Dr. Roee Holtzer, professor and program director at the Ferkauf Graduate School of Psychology, and Dr. Joe Verghese, professor at Albert Einstein College of Medicine, were recently awarded funding for a five-year clinical trial from NIA for a cognitive intervention to improve simple and complex walking. Ambulatory disabilities represent the most prevalent disability among US seniors. This ‘proof of concept’ clinical trial will fill an important gap in knowledge of the efficacy of cognitive remediation as a secondary prevention strategy to improve this debilitating condition. Demonstrating mobility gains through cognitive training will provide insight for future mobility treatment options, and if successful will establish an accessible and low-risk method to enhance mobility among frail sedentary seniors.

Summer 2015 Issue

February 2014 Issue

Ferkauf's New ANST chapter is currently being featured on Division 40's main website -              Check it out!


Useful Contact Information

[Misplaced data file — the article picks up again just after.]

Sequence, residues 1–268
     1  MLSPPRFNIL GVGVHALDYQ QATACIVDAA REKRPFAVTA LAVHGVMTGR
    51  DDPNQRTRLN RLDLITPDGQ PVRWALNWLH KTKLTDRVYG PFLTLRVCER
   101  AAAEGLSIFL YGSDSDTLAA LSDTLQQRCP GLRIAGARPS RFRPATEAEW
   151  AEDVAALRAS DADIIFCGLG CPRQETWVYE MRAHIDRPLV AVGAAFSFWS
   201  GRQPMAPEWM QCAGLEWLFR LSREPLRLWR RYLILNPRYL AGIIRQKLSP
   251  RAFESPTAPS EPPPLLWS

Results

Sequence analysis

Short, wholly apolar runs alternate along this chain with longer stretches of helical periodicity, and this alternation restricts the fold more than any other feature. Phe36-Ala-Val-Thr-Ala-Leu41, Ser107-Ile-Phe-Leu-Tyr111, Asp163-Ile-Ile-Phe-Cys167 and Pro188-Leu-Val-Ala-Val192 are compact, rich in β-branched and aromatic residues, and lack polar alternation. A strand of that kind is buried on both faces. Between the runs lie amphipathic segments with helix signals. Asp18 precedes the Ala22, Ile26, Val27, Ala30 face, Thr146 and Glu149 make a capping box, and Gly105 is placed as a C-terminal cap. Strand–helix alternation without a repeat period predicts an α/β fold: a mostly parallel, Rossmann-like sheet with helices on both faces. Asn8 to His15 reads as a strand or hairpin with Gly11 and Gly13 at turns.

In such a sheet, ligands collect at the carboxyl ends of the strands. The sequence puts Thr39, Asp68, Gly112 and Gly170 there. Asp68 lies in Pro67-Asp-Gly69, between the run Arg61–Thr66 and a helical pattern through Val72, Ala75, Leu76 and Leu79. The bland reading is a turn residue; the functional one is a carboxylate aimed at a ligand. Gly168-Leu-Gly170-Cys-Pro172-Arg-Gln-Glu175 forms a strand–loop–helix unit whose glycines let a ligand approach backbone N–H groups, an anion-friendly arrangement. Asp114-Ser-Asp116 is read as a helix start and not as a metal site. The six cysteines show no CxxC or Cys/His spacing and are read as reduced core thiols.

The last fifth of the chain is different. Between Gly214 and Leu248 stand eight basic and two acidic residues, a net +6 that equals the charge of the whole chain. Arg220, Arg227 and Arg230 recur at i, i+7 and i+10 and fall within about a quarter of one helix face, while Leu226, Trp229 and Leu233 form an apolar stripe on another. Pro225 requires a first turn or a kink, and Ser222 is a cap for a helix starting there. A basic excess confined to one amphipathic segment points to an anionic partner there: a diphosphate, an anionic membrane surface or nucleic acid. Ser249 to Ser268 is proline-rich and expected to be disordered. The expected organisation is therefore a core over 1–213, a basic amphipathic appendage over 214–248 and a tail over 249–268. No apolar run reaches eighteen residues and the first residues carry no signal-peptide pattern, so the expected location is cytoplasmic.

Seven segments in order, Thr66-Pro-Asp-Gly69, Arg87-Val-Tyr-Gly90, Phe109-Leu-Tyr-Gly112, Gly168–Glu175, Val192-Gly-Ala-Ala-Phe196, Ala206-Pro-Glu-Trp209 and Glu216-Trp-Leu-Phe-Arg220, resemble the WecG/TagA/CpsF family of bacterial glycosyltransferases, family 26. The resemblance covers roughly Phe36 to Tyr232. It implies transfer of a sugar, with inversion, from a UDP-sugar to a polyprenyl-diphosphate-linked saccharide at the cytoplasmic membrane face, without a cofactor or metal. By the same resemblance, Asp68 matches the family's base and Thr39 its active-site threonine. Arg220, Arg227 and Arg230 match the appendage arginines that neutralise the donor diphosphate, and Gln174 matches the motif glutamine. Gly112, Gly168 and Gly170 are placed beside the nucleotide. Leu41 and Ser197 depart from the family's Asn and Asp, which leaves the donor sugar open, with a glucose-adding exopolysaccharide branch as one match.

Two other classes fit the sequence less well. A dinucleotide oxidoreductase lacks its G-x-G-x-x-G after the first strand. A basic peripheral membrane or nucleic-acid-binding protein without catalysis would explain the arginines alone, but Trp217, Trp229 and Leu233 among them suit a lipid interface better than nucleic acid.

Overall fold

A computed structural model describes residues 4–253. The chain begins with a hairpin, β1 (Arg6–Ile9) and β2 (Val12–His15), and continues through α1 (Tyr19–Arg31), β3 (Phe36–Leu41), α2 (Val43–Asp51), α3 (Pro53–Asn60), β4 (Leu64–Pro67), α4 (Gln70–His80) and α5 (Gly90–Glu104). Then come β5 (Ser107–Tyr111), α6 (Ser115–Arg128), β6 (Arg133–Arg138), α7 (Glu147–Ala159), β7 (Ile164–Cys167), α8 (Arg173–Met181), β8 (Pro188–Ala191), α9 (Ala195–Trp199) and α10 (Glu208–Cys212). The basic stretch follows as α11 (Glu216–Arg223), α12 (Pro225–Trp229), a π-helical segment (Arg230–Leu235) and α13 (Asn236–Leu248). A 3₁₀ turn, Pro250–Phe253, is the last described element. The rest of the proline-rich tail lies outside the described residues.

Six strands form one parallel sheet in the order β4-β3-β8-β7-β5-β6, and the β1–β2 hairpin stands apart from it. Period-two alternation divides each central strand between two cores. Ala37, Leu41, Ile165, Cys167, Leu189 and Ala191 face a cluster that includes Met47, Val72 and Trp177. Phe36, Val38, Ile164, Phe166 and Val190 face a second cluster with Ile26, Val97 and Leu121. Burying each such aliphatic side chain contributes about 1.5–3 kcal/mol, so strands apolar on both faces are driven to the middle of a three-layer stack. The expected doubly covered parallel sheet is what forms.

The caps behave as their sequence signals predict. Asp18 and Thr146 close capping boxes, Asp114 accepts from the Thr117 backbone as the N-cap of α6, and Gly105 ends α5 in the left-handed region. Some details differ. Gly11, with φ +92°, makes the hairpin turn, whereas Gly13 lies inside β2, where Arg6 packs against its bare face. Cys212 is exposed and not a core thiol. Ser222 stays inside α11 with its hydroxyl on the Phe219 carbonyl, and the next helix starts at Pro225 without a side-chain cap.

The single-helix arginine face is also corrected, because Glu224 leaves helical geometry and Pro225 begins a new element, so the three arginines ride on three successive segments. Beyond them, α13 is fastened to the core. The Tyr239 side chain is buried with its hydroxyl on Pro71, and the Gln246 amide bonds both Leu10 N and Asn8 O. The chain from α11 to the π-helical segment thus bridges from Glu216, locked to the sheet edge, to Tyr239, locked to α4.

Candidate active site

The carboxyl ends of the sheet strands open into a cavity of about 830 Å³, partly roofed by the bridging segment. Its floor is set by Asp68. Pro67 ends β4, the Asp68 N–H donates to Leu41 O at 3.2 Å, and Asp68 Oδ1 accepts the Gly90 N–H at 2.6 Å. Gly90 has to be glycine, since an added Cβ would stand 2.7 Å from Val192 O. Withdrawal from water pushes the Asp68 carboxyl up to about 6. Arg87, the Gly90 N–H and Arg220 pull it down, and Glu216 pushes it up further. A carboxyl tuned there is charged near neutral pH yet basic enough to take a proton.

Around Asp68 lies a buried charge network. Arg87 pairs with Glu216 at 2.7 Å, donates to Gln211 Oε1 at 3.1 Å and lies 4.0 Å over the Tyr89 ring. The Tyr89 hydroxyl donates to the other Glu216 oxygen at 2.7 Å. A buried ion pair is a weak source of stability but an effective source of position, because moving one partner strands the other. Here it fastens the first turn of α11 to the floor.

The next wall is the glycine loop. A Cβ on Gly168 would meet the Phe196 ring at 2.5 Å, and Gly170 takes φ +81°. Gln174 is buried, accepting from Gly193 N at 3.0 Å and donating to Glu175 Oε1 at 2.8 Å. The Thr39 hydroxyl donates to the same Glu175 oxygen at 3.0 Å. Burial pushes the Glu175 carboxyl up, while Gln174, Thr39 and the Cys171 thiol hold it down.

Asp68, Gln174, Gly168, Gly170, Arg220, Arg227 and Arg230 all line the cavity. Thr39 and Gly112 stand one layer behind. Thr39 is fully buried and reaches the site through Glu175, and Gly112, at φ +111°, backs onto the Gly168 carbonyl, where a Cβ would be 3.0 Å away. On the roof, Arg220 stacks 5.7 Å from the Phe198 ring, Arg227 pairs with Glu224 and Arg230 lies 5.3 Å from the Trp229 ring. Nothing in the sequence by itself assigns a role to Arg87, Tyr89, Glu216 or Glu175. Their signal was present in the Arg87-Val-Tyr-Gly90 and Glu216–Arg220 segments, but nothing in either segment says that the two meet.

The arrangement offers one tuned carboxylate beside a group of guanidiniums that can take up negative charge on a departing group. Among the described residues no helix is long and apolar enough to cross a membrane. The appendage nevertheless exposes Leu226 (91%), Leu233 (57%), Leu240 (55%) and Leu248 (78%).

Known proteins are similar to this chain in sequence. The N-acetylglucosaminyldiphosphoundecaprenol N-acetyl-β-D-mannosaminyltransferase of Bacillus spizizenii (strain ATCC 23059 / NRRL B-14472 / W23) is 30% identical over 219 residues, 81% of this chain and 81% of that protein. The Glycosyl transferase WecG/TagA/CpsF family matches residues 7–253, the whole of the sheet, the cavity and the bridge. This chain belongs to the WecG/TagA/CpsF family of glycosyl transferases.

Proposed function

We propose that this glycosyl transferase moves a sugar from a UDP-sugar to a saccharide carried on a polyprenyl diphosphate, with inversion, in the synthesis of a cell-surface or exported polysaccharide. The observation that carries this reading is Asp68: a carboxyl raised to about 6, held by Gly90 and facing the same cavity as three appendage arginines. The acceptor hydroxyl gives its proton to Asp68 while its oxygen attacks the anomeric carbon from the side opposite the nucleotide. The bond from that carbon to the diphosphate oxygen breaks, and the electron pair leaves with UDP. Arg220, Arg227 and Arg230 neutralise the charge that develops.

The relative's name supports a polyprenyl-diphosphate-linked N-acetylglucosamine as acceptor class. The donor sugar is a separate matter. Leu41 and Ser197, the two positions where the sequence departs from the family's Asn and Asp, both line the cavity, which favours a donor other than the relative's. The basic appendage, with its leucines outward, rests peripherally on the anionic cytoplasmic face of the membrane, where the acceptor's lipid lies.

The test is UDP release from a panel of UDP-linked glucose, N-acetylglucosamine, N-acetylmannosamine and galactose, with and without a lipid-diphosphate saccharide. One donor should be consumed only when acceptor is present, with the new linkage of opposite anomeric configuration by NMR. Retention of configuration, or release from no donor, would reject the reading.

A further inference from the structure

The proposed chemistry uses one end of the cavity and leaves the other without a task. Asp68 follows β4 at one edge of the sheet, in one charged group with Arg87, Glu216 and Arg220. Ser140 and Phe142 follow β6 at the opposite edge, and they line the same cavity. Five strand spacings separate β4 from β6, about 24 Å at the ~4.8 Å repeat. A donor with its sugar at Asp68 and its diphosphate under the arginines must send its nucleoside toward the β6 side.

Psychology Office
Phone: (718) 430-3850
Dean’s Office
(718) 430-3941
Parnes Clinic
(718) 430-3852
Office of Student Accounts
(212) 960-5400 ext 5767
Ferkauf Financial Aid
Damien Jackson
(718) 862-1810

Alumni News 

Dr. Chi-Ming Chen    Dr. Chi-Ming Chen received his PhD in Clinical Psychology with Health Emphasis from Yeshiva University in 2007.  His post-doctoral research (at Yale University and Columbia University) focused on advancing the state of science in brain and behavior research through interdisciplinary research, ranging from basic to clinical topics.  His expertise in the neurophysiology of human and non-human primates, motor and sensory processing, and brain stimulation techniques sets the stage for his Translational Research and Neural Stimulation Laboratory (TRANSLab) at the University of Connecticut ("